NB - This process relates to local user accounts.
Originally Posted by cookie_monster
Indeed, but this process happens at the remote machine (by the file server process as Mark refers to it) that the connection is being made to, so when connecting from machine A to machine B...
Machine A sends an SMB request to machine B. This includes the username/password. It would be pointless sending a SID as only machine A would know anything about it.
Machine B authenticates the username/password either against the domain or the local user account database. At this point a 'logon session' is created on Machine B holding the access token that will be used to access the resource on Machine B. A UID pointer is returned to Machine A
Machine A stores the UID in the open SMB request for Machine B.
When a request to access a secured resource goes from Machine A to Machine B, the open SMB channel is used along with the UID that Machine B then uses to refer to the original logon session created during authentication.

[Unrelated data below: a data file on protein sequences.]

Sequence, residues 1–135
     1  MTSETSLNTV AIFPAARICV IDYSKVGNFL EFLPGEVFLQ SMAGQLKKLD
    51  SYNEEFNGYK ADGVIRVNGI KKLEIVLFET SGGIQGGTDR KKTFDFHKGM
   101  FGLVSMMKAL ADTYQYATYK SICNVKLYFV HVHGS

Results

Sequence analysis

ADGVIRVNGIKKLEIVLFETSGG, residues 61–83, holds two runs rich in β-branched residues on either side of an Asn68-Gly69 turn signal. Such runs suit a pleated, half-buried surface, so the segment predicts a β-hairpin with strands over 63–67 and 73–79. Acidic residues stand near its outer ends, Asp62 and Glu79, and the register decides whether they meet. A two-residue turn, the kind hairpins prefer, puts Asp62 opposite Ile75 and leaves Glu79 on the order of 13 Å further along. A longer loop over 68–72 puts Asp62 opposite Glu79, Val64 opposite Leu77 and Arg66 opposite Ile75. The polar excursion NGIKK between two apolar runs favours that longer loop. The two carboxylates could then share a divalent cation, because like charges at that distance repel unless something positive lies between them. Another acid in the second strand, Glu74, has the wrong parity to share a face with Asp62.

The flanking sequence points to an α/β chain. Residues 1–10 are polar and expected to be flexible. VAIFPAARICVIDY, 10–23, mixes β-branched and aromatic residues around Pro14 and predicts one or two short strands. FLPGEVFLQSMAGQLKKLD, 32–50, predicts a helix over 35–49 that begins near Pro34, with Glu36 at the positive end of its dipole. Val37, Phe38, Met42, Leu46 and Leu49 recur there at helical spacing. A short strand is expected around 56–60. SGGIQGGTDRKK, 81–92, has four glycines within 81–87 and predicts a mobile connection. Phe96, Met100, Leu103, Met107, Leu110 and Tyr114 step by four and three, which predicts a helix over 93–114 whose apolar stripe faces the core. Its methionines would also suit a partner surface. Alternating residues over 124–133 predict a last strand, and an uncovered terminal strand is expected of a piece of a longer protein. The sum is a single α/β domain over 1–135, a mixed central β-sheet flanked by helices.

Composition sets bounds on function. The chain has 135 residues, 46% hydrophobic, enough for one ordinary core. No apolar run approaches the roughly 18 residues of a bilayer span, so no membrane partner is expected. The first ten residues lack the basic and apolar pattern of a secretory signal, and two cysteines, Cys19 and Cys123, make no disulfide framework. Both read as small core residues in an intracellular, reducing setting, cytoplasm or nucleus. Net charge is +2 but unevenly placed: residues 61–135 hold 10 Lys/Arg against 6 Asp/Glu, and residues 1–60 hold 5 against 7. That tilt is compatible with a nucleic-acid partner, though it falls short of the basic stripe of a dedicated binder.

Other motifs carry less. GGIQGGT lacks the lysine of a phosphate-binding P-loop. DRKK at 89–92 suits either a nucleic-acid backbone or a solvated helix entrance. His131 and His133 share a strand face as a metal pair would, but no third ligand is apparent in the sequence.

The point is that the SID does not travel from source PC to destination PC. The only place the Machine A SID has any relevance is on the Machine A and the same applies for the Machine B SID.
(apologies for multiple edits but I'm just coming to terms with this stuff myself)
A new comment on Marks original article has appeared that explains what I've been trying to, but does a much better job.
Mark's Blog : The Machine SID Duplication Myth
Comment dated Saturday, November 14, 2009 5:08 PM by Steve Gray
Yep i'd forgotten how the process works on a workgroup level. It's still not much of an issue if no one logs on as the local admin and everyone else logs on with a domain account. Good article though.